So multiplicity is irrational and repugnant. It is low-class, low art. One Edward Hopper Nighthawks is a masterpiece, high art; a million Nighthawks is just a swarm of tee shirts gone mad, commercial and noisy, flapping this way and that. We can deal with the Hopper corpus, a group of paintings elegantly arrayed about a single painter. That makes sense. We can even put him and his paintings in a context: 20th Century American Realism. That’s tidy, rational, simple: little boxes within little boxes. You can put that on a test, and the correct answer is obvious. But a million Nighthawks stretched over flaccid bellies, waving over hard bellies, oozing and winking into classrooms, churches, nightclubs, and sidewalks—this is chaos, swarm, noise, and very definitely low art. It can and should be dismissed.

Most of my colleagues in English departments believe that we can and should dismiss texting, tweeting, and Facebook, Snapchat, and Instagram messaging. That is chaos, swarm, noise, and very definitely low art. But what if we don’t dismiss this absolutely monstrous amount of text that is generated each day, each minute, each year? And if it lacks unity, definition, even context, as Serres suggests, then what is it and how do we speak of it? I'm only now beginning to learn some ways to talk about these texts.

In speaking of the rhizome, Deleuze and Guattari note wryly that despite the unspeakable nature of the rhizome, we must speak of it. They say, “We get the distinct feeling that we will convince no one unless we enumerate certain approximate characteristics of the rhizome.” This enumeration, of course, is dangerous, for if we enumerate the uncountable, then we distort rather than clarify. Nonetheless. In his 2013 book Hyperobjects: Philosophy and Ecology after the End of the World, Timothy Morton lists his own “approximate characteristics” of what he calls hyperobjects:
  • viscosity: Hyperobjects “'stick' to beings that are involved with them." 
  • nonlocality: "[A]ny 'local manifestation' of a hyperobject is not directly the hyperobject."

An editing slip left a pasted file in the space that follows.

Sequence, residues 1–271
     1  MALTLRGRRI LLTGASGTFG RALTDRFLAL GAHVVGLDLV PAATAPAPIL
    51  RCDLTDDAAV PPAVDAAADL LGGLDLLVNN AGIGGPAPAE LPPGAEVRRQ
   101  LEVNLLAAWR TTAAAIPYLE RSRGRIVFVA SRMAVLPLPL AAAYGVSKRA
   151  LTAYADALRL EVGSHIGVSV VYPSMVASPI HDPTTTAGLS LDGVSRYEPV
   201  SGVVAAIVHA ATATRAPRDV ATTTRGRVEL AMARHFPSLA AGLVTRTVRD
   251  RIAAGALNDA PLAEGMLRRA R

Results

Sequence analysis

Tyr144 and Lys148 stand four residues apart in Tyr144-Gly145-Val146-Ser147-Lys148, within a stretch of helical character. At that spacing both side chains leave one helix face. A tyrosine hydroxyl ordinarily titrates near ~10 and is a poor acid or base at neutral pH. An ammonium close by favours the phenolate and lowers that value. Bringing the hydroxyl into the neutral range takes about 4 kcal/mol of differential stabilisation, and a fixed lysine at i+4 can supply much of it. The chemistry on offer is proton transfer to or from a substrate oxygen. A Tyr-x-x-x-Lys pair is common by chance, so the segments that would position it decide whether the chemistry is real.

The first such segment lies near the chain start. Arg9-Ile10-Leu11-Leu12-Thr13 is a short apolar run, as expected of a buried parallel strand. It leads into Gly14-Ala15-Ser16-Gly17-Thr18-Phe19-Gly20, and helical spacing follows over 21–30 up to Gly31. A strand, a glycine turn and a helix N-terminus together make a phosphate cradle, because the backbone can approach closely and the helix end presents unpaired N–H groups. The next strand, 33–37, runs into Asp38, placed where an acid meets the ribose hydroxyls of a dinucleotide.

• temporal undulation: Hyperobjects "involve profoundly different temporalities than the human-scale ones we are used to. In particular, some very large hyperobjects, such as planets, have genuinely Gaussian temporality: they generate spacetime vortices, due to general relativity." 
  • phasing: "Hyperobjects occupy a high-dimensional phase space that results in their being invisible to humans for stretches of time." 
  • interobjectivity: Hyperobjects "exhibit their effects interobjectively; that is, they can be detected in a space that consists of interrelationships between aesthetic properties of objects." 
I think I can use these characteristics to start teasing out the ways to think about the chattersphere as low art. I’ll use the recent, high profile "MeToo" text—first because I like it and in general support its political and social aims (neither of which I will discuss here, so don't look for it) and second because it is a timely example of just the kind of text I'm trying to understand.

The first characteristic of hyperobjects that Morton discusses is viscosity. He insists that objects such as the "MeToo" text are always closer to us than they appear and that they stick to us. This viscosity may not be obvious at the local human scale. For instance, one might encounter a "MeToo" tweet and feel no immediate connection. I first encountered a "MeToo" message on Facebook while looking for recent photos of my granddaughter, and I wondered vaguely what the author was responding to. I assumed the middle-aged, professional relative of mine was expressing her wish to be included in some family event, and I moved on to find my photos.

I did not consciously feel that her message was sticking to me or that I was sticking to it, but Morton says that the Facebook message and I are entangled and remain entangled despite any distance between us and despite any conscious awareness on the part of either of us. This entanglement has a viscous quality about it that is obscured at the human scale but becomes obvious at the scale of hyperobjects. "MeToo" is here, and I am always in it even when I am not conscious of it. Morton writes: "I do not access hyperobjects across a distance, through some transparent medium. Hyperobjects are here, right here in my social and experiential space. Like faces pressed against a window" (Kindle Locations 528-534).

I can see this looming stickiness rather easily in objects such as global warming and evolution, but not so well in a tweet or Facebook message. For that, I have to fight against an intuitive sense of reality that plainly demonstrates that a message, even my own, and I are distinct and that I act on the message and it does not act on me. I am the subject, and it is the object, a text, a thing. I do not feel the viscous honey between us. When I'm off my device, I don't feel the message against my fingers, my eyeballs, oozing into my consciousness. I don't think of the message. So are the message and I really sticking to each other? And what is this stickiness, this viscosity?